I use the iPhone 6 and my wife has the 6s. We have been on a two year upgrade cycle since my wife’s first one, the 3GS. I don’t see anything compelling in this year’s rumors. I was a little tempted by the se; but decided against it. We may upgrade next year depending on features. Edge to edge display may be one feature that would get me to upgrade, perhaps even a 4” model with such a display.


I know it’s early and that the above is pure speculation, but if that’s all there is….  iPhone sales will continue to decline. Not one of the features mentioned is anywhere near being a “Game Changer.”  We are no longer in the age of small iteration changes driving sales.  Apple will have to come up with something huge for the 10th Anniversary phone to reinvigorate demand.  Lowering prices, which should be happening already, will be a major step….  along with some kick butt features.


So, what would be the difference between wireless and inductive charging? Aren’t they the same thing?

John Martellaro

jscottk: I think of induction as in contact with a pad and wireless as something with a longer range, contactless.  See:


“The technology is said to allow iPhones and iPads to be powered from further away than current charging mat and inductive solutions allow.”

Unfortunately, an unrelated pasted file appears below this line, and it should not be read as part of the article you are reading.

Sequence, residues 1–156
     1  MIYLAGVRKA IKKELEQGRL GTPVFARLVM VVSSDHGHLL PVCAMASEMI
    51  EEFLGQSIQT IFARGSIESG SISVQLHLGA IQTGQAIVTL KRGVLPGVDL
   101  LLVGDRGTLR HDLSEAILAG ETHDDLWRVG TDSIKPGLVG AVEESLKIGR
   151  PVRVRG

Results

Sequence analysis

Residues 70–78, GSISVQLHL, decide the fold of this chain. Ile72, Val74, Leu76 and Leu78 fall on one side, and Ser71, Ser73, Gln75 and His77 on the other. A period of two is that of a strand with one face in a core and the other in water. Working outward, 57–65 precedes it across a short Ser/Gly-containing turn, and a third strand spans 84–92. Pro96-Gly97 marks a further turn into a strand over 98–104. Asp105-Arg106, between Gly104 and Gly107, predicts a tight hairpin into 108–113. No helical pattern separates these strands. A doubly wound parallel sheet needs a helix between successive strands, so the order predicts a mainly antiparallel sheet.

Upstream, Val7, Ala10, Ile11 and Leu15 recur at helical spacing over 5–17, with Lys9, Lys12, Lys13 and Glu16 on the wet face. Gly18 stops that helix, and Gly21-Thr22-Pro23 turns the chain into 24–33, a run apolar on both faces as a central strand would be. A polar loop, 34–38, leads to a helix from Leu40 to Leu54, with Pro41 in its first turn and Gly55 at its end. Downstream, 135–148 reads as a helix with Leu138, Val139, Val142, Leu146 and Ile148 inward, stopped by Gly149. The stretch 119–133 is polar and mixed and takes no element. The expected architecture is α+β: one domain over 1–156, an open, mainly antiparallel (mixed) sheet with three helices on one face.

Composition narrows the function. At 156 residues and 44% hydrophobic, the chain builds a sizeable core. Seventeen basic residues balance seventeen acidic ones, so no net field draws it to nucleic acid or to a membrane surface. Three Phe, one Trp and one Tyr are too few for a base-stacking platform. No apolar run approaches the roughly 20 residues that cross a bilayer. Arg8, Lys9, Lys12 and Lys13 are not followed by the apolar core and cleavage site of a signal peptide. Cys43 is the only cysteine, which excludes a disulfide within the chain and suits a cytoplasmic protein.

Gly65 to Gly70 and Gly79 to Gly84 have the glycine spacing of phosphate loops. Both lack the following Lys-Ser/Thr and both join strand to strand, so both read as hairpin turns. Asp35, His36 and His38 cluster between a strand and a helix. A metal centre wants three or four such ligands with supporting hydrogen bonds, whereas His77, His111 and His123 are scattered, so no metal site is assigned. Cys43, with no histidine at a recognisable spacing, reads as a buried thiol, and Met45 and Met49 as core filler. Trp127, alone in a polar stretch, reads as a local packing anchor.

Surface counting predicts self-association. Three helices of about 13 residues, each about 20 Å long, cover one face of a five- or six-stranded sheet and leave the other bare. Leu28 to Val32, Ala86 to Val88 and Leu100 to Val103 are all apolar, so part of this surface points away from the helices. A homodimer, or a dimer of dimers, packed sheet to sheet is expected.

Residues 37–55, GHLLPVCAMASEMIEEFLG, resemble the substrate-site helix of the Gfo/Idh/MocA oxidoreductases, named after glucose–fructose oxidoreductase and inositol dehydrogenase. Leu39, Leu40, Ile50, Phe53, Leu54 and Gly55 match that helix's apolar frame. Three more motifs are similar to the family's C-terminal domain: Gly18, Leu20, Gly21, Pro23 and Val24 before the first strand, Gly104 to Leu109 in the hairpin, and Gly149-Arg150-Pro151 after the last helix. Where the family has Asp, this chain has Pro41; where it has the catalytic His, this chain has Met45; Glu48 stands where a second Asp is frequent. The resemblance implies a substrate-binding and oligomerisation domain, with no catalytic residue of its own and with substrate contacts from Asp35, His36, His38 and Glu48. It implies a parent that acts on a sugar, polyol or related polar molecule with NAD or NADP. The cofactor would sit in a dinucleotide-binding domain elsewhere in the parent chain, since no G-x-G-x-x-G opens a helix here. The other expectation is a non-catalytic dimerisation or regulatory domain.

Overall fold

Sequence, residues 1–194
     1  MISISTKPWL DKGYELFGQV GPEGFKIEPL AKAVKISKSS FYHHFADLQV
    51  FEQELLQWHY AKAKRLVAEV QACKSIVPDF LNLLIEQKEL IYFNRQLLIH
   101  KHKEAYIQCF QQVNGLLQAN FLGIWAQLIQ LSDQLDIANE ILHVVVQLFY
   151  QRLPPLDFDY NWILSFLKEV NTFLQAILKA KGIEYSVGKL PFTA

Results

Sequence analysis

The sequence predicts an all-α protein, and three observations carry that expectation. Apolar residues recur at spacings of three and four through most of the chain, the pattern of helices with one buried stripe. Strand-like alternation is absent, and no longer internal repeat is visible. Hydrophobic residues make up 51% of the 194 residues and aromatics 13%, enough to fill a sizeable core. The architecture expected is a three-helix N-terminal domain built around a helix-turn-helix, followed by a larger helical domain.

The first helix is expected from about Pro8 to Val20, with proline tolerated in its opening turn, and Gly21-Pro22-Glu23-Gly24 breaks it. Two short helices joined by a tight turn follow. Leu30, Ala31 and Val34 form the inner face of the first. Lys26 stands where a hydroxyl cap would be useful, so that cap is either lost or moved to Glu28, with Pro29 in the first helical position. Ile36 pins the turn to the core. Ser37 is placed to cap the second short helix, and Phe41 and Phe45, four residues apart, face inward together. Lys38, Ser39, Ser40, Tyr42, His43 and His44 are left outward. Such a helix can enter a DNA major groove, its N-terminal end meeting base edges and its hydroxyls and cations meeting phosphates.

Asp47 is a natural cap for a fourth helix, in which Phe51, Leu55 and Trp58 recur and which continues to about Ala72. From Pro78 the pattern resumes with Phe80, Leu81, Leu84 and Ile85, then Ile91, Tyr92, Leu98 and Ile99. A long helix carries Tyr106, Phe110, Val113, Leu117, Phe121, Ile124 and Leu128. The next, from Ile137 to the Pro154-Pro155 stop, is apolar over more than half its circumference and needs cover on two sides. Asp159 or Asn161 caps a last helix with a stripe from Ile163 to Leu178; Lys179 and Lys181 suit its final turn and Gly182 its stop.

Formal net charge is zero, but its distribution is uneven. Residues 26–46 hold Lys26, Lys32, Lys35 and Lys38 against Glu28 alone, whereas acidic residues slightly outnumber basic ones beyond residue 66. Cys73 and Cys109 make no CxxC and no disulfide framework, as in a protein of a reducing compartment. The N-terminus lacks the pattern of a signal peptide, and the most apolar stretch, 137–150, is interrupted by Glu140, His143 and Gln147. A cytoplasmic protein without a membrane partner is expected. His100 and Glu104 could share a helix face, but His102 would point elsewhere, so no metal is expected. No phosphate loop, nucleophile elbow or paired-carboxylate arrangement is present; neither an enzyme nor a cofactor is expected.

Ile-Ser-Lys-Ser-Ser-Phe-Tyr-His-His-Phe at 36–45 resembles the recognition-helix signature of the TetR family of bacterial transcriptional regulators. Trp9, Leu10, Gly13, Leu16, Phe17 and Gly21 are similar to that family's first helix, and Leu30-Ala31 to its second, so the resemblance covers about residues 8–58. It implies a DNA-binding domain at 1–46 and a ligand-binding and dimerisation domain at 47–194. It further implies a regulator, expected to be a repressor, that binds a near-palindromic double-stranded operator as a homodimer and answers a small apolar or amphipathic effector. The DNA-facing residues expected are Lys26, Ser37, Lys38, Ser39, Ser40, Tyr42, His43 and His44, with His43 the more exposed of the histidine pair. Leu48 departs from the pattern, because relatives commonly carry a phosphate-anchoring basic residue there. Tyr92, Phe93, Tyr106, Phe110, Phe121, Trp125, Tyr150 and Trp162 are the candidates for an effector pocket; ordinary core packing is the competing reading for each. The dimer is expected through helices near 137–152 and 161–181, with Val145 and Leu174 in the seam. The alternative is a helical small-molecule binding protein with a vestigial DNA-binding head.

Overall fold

Just a quick comment.

Seeking Alpha posted a similar commentary about the iPhone 7, saying that Nikkei or someone was downgrading Apple on the rumours of the device’s feature set.

Not to conflate this story with the broader story of the spate of articles, including here at TMO, that seem bearish on most things Apple, whether hardware, software or services (if TC reads any of these, he and colleagues must think the company can’t do anything right), this particular story and accompanying negative commentary about the iPhone 7, which we haven’t yet seen, strike me as simultaneously silly, churlish and obtuse. Perhaps I’ll revisit that broader angst another time.

Regarding the iPhone, I don’t know what component of ‘mature product’ and ‘mature market’ these analysts do not understand, but it essentially means ‘full grown’ or ‘adult’. If a physician told an adult patient that he was concerned that the man had not grown since his last visit a year ago, I think the patient would find another physician. And rightly so.